Vaccinating children against measles is ‘an obligation’ for adults in Costa Rica
Measles have been reintroduced in Costa Rica this year thanks to two foreign families that vacationed or reside here and were not vaccinated against the virus, the Health Ministry says.
But Daniel Salas Peraza, the Minister of Health, was firm Thursday in asserting “there will not be an epidemic of measles in our country,” citing Costa Rica’s national immunization efforts.
According to The World Bank, 96 percent of Costa Rican children ages 12-23 months are vaccinated against measles. That’s among the highest rates in Latin America and is better than in the United States (92 percent) and France (90 percent), two countries from which contagious visitors have entered Costa Rica since last month.
The Health Ministry is currently running a national campaign to promote the measles vaccine. The initiative began last December and ends March 31.
“The campaign […] aims to increase protection in the child population and prevent the reintroduction of measles in the country,” Salas said. “The World Health Organization recommends carrying out a vaccination campaign against measles at least every 5 years, according to the epidemiological profile of the country, to guarantee protection.”
The Health Ministry reminded parents to vaccinate their children through the Costa Rican Social Security System (CCSS). Alternatively, the vaccine can be purchased and administered at private clinics.
Children should receive two doses of the vaccine: the first at 15 months and the second upon starting school, according to the Health Ministry.
In Costa Rica, vaccinating children is “an obligation” for parents, according to the Child Welfare Office (PANI).
“It is an obligation of fathers, mothers and adults to take children between 15 months and 10 years old to be vaccinated,” said the Minister of Children and Adolescents, Patricia Vega Herrera. “This is to fulfill the right to health and the duties of protection and care.”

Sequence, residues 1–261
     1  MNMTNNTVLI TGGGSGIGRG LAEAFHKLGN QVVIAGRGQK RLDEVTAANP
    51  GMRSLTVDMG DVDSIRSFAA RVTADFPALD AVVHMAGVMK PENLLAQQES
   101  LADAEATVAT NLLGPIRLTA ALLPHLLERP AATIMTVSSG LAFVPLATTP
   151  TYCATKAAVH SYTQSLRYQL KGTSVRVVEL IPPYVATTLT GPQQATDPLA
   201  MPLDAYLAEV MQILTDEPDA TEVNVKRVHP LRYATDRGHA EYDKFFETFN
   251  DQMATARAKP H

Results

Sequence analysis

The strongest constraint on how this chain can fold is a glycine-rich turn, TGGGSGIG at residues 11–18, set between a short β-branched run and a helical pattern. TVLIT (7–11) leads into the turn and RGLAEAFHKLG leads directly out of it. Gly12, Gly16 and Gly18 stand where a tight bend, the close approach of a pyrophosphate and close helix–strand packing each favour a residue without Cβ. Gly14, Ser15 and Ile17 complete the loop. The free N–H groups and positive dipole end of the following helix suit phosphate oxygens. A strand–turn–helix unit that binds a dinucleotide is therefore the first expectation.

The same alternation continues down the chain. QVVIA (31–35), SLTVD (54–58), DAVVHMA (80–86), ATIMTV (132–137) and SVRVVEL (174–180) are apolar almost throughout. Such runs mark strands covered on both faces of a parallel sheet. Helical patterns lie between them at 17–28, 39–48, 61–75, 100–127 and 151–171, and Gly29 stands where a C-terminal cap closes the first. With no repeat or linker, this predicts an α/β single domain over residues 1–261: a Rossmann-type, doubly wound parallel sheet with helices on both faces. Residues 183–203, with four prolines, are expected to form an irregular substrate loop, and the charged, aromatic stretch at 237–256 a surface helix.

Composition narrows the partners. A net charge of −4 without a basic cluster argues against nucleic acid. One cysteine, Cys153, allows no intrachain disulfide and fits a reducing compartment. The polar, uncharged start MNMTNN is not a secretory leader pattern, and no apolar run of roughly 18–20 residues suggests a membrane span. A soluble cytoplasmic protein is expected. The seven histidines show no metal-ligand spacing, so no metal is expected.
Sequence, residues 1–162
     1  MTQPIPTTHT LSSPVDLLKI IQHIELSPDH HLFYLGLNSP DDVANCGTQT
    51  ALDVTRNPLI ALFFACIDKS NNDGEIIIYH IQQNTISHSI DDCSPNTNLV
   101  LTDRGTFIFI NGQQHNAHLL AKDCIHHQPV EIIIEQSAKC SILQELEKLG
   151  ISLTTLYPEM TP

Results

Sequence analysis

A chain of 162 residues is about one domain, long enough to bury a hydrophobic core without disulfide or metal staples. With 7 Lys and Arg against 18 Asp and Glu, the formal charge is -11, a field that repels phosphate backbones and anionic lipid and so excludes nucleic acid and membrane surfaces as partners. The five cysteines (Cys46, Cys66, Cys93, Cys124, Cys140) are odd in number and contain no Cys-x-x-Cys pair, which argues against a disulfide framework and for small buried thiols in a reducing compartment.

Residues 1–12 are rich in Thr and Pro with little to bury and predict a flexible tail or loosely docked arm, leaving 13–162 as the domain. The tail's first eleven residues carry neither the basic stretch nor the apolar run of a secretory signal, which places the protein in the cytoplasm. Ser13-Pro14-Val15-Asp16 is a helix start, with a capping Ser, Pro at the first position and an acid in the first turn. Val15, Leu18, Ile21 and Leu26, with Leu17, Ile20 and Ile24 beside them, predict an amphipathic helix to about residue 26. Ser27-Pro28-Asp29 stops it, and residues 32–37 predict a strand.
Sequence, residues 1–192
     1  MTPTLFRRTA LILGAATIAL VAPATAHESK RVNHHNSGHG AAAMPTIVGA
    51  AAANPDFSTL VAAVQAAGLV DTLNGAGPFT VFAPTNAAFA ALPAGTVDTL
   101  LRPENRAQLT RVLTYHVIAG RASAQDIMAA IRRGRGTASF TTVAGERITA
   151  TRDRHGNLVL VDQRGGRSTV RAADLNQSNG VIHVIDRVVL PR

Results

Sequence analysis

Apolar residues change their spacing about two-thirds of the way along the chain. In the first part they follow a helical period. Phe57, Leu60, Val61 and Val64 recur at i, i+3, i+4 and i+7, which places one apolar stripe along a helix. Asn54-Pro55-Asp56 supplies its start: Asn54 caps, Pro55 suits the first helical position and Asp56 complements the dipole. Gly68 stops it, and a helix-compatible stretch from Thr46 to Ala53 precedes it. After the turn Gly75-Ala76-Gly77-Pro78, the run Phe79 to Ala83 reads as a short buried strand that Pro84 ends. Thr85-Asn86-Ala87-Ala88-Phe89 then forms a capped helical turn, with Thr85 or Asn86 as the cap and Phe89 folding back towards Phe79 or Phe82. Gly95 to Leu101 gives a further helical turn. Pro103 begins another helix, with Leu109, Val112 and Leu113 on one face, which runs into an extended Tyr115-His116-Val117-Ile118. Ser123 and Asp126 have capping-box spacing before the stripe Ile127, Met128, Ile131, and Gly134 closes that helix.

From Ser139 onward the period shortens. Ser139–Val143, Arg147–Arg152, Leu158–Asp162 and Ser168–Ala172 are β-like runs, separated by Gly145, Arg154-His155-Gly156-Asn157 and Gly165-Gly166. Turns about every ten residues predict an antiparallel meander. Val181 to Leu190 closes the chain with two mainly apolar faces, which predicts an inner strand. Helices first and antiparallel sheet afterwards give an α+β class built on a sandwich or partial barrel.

PANI says that in 2018 it received more than 14,000 children whose parents or guardians did not adequately provide for their health. That includes children who were not vaccinated.
“The General Health Law (Ley General de Salud) sanctions parents or guardians who oppose this vaccination,” the organization said in a press release. “PANI can intervene through the Court of Childhood and Adolescence, since the most serious complications are blindness, pneumonia and brain inflammation and in some cases, death.”
The Pan American Health Organization says there were more than 16,000 confirmed measles cases and at least 86 deaths in the Americas in 2018. Ten countries in the Americas have reported measles cases this year: Argentina, the Bahamas, Brazil, Canada, Chile, Colombia, Costa Rica, Mexico, the United States and Venezuela.
The measles vaccine was introduced in the United States in 1963.
Measles symptoms start with a high fever, cough and conjunctivitis, according to the Centers for Disease Control and Prevention (CDC). Within a week of symptoms beginning, a rash breaks out.
“It usually begins as flat red spots that appear on the face at the hairline and spread downward to the neck, trunk, arms, legs, and feet,” according to the CDC.
The Ministry of Health says “all parents whose child exhibit symptoms that could be measles […] should consult medical assistance immediately.”
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